report to two or more bosses. One boss may want X, the other Y
and the subordinate is caught between the devil and the deep blue
sea.
• Unity of direction
The unity of command idea of having one head (chief executive,
cabinet consensus with agree purposes and objectives and one
plan for a group of activities) is clear.
• Subordination of individual interest to the general interest
Fayol's line was that one employee's interests or those of one
group should not prevail over the organization as a whole. This
would spark a lively debate about who decides that the interests
of the organization as a whole are. Ethical dilemmas and matters
of corporate risk and the behavior of individual "chancres" are
involved here. Fayol's work - assumes a shared set of values by
people in the organization - a unitary where the reasons for
organizational activities and decisions are in some way neutral
and reasonable.
• remuneration of staff

“The price of services rendered. " 1916

The general principle is that levels of compensation should be


"fair" and as far as possible afford satisfaction both to the staff
and the firm (in terms of its cost structures and desire for
profitability/surplus).
• Centralization
Centralization for HF is essential to the organization and a natural
consequence of organizing. This issue does not go away even
where flatter, devolved organizations occur. Decentralization - is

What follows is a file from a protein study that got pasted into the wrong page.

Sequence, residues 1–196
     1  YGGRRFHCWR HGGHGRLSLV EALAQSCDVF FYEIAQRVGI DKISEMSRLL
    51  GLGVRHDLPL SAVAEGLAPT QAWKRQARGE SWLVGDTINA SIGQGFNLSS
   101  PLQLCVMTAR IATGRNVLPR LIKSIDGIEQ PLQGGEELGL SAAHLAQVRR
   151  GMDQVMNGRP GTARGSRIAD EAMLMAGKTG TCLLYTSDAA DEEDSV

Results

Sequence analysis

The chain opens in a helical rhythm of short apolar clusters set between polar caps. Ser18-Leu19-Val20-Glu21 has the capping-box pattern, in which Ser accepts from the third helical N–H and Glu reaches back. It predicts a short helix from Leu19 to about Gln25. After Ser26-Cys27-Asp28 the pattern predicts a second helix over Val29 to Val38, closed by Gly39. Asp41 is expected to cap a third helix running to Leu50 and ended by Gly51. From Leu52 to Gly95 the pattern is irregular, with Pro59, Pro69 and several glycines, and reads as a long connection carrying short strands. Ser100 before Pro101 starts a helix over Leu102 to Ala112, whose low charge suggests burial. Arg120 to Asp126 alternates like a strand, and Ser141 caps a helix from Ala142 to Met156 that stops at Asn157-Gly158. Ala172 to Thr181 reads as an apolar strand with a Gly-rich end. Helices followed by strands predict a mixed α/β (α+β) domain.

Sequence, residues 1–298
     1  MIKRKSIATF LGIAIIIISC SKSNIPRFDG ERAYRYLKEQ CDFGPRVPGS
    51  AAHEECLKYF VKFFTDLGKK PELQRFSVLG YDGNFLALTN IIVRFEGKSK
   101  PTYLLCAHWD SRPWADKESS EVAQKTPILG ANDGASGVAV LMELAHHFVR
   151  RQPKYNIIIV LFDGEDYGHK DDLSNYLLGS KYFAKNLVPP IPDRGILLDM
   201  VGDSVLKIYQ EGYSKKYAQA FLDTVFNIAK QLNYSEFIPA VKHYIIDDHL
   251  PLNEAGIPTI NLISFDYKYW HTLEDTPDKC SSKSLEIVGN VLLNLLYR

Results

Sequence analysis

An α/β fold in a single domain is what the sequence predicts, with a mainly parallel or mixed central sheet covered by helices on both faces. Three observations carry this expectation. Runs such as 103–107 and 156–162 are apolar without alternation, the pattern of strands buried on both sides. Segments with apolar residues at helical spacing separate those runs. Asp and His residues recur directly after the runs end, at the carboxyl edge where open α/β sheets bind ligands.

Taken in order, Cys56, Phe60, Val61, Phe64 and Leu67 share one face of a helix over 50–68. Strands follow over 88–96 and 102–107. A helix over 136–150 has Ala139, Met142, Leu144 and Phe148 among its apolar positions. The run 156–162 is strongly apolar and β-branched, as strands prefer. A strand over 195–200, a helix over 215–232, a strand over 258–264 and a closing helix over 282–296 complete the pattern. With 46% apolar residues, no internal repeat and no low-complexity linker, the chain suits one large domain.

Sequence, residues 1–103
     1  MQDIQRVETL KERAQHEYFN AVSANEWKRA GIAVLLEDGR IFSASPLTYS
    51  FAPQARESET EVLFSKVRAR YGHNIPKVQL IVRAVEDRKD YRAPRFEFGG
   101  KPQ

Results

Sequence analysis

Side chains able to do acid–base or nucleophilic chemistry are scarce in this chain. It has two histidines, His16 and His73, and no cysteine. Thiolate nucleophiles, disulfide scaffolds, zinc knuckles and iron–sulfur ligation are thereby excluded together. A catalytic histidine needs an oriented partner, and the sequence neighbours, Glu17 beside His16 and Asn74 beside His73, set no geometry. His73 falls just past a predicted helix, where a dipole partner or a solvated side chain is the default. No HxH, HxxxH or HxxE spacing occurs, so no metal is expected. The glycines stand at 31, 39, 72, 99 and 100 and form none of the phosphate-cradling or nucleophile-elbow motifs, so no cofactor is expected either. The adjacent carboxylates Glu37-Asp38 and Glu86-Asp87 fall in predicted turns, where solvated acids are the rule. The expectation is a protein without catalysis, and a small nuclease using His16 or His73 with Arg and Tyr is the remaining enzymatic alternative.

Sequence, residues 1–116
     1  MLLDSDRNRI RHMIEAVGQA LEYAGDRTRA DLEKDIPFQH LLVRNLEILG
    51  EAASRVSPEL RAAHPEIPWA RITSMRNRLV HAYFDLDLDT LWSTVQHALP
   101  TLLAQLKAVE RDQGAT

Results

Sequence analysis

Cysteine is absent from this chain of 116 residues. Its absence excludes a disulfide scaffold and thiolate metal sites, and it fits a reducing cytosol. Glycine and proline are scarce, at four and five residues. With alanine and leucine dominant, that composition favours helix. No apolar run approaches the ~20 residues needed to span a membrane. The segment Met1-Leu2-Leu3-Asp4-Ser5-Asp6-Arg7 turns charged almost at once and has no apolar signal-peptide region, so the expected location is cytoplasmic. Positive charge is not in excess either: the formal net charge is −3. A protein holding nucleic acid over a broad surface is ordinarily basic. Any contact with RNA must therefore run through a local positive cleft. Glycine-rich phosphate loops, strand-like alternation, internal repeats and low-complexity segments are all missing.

frequently centralized-decentralization!!! The modes of control
over the actions and results of devolved organizations are still
matters requiring considerable attention.
• Scalar chain/line of authority
the scalar chain of command of reporting relationships from top
executive to the ordinary shop operative or driver needs to be
sensible, clear and understood.
• Order
The level of generalization becomes difficult with this principle.
Basically an organization "should" provide an orderly place for
each individual member - who needs to see how their role fits
into the organization and be confident, able to predict the
organizations behavior towards them. Thus policies, rules,
instructions and actions should be understandable and
understood. Orderliness implies steady evolutionary movement
rather than wild, anxiety provoking, unpredictable movement.
• Equity
Equity, fairness and a sense of justice "should” pervade the
organization - in principle and practice.
• Stability of tenure
Time is needed for the employee to adapt to his/her work and
perform it effectively. Stability of tenure promotes loyalty to the
organization, its purposes and values.
• Initiative
At all levels of the organizational structure, zeal; enthusiasm and
energy are enabled by people having the scope for personal
initiative. (Note: Tom Peters recommendations in respect of
employee empowerment)
• Esprit de corps